Home THOMAS HURLEY vs. SUPERIOR COURT DEPARTMENT OF THE TRIAL COURT & others.

424 Mass. 1008

February 10, 1997

The case was submitted on briefs.

Thomas Hurley, pro se.

William J. Meade, Assistant Attorney General, for the defendants.

In 1989, following a trial by jury in the Superior Court, the petitioner was convicted of armed robbery while masked. His conviction was affirmed on appeal Commonwealth v. Hurley, 32 Mass. App. Ct. 620 (1992). In 1994, he filed a request in the trial court. pursuant to G. L. c. 261, s.s. 27A-27G, seeking funds for transcripts of various trial and pretrial hearings in his case. The trial judge denied that request, whereupon the petitioner appealed to a single Justice of the Appeals Court in accordance with c. 261, s. 27D. The Appeals Court single justice affirmed the trial judge's ruling.

The petitioner next filed a petition in the county court seeking a variety of relief in the nature of mandamus and pursuant to G. L. c. 211, s. 3. A single justice of this court denied the petition without a hearing. The petitioner has appealed to the full court.

Page 1009

1. The petitioner sought from the single justice, among other things, review of the rulings by the trial judge and the single justice of the Appeals Court concerning his request for transcripts. The applicable statute, G. L. c. 261, s. 27D, plainly states that the decision of the single justice of the Appeals Court in this context "shall be final with respect to such request." See Gos v. Brownstein, 403 Mass. 252 , 254 (1988) ("It is settled that the decision of a single justice of the Appeals Court, affirming a judge's denial of a motion for funds, is final under G. L. c. 261, s. 27D"), Commonwealth v. Pope, 392 Mass. 493 , 501-502 (1984).

Rarely should we employ our superintendence power to review rulings in matters in which the Legislature has expressly stated that the decision of another court or judge "shall be final." Cf. Leaster v. Commonwealth, 385 Mass. 547 , 549 (1982) (declining to exercise power under G. L. c. 211, s. 3, to review a gatekeeper determination under G. L. c.278, s. 33E, since the matter was one "in which the Legislature has expressly limited such review"). The single justice did not err or abuse his discretion in declining to exercise the power in this case.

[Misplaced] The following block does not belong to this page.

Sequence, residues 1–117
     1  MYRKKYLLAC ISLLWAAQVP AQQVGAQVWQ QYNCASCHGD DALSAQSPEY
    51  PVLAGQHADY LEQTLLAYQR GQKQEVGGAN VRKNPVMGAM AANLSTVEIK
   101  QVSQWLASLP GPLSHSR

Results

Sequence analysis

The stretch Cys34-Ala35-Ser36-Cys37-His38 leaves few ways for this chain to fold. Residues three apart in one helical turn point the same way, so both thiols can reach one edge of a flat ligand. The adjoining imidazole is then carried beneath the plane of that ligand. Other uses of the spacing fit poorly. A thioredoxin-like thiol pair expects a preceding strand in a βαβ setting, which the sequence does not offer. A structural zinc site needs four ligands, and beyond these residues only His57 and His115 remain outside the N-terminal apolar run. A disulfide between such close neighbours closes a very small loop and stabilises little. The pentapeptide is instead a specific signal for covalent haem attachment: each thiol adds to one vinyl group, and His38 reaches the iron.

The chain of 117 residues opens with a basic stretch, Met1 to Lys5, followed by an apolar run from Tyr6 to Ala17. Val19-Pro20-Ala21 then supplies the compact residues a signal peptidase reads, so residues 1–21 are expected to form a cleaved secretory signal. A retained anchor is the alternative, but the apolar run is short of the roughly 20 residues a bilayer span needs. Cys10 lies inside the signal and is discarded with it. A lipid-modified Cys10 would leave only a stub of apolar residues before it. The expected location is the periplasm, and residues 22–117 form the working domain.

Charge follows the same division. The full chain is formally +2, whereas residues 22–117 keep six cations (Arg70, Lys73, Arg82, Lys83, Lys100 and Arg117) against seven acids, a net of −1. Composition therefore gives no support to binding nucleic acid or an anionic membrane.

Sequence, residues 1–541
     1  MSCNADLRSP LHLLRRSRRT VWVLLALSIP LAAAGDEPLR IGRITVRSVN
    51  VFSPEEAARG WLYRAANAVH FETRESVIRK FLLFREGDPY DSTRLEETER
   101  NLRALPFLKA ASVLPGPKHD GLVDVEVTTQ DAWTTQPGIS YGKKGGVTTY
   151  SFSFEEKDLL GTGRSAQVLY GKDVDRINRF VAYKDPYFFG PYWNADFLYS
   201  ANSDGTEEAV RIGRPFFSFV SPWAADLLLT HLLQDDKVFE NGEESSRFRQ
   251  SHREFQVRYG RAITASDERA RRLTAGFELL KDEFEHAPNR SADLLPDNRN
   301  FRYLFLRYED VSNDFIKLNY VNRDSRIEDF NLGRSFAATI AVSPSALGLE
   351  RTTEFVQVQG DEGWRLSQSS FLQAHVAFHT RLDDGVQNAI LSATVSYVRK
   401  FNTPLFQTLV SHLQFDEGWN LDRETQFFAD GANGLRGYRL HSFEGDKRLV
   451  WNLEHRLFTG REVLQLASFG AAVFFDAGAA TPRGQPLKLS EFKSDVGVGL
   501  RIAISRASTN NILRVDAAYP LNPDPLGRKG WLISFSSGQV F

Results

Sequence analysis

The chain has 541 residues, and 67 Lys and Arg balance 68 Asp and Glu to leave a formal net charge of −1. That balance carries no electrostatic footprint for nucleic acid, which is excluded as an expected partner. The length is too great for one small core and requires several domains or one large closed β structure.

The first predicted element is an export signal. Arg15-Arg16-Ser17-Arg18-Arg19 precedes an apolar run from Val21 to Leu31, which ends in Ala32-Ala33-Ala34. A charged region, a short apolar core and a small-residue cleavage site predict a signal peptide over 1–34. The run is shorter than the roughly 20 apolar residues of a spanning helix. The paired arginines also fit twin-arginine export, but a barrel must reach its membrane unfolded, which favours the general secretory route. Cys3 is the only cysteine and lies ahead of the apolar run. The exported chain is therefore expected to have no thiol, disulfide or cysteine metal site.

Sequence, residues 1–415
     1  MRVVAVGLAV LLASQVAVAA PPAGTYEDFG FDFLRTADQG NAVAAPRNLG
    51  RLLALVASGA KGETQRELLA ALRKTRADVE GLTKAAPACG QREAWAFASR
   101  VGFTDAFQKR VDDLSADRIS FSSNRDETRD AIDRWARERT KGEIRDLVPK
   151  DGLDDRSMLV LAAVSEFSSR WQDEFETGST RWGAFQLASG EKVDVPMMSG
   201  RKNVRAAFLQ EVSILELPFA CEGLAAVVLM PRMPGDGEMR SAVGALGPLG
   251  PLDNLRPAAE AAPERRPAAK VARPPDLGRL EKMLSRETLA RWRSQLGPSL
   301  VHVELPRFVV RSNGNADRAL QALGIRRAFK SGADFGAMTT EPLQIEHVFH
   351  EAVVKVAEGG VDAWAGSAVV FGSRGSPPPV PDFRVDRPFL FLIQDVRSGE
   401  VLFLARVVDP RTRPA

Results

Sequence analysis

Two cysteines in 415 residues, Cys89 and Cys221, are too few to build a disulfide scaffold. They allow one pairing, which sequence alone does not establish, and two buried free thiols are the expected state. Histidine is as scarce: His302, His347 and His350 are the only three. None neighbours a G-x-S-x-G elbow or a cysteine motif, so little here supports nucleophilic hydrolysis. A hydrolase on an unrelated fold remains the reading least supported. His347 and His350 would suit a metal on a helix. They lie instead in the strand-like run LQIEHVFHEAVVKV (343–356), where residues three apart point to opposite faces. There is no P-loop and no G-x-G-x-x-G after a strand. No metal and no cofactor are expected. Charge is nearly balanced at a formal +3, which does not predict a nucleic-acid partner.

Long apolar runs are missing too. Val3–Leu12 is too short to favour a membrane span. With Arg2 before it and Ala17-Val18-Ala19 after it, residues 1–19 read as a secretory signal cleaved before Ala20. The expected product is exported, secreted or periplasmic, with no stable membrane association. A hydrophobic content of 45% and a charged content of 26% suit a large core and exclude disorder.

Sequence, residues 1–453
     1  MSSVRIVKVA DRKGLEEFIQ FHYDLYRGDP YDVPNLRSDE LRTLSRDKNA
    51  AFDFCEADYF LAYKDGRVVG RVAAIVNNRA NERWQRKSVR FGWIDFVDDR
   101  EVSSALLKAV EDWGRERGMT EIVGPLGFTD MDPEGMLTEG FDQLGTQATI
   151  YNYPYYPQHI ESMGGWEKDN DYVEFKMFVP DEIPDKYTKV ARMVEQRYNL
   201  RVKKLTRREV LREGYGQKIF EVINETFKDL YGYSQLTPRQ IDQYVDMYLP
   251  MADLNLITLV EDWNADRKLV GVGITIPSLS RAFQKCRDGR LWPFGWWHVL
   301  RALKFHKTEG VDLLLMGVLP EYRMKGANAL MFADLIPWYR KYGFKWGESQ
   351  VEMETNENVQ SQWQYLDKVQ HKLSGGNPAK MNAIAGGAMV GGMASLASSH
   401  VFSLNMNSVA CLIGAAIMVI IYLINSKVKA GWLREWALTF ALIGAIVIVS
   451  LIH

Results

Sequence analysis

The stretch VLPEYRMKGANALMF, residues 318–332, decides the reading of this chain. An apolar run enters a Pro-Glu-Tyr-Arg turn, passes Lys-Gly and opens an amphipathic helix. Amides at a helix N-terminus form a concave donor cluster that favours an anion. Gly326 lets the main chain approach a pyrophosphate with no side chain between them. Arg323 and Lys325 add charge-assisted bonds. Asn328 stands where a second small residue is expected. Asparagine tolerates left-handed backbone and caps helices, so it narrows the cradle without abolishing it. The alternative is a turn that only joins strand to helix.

2. The petitioner sought an order compelling the Committee for Public Counsel Services to investigate the performance of his court-appointed counsel and to produce counsel's files in the matter. He also sought an order compelling the Board of Bar Overseers to investigate counsel's performance. Those requests were correctly denied by the single justice. Neither the committee nor the board is a "cour[t] of inferior jurisdiction" within the meaning of G. L. c. 211, s. 3. Callahan v. Board of Bar Overseers, 417 Mass. 516 , 518 (1994). The petitioner lacked standing to obtain relief in the nature of mandamus against the board, id., and, in any event, failed to present a meritorious case for mandamus against either the board or the committee.

3. None of the other arguments and claims made by the petitioner in his brief, some of which have been raised for the first time on appeal, has merit. His request that we permit him to file late an application for further appellate review from the Appeals Court's 1992 decision affirming his conviction is denied.

Judgment of the single justice affirmed.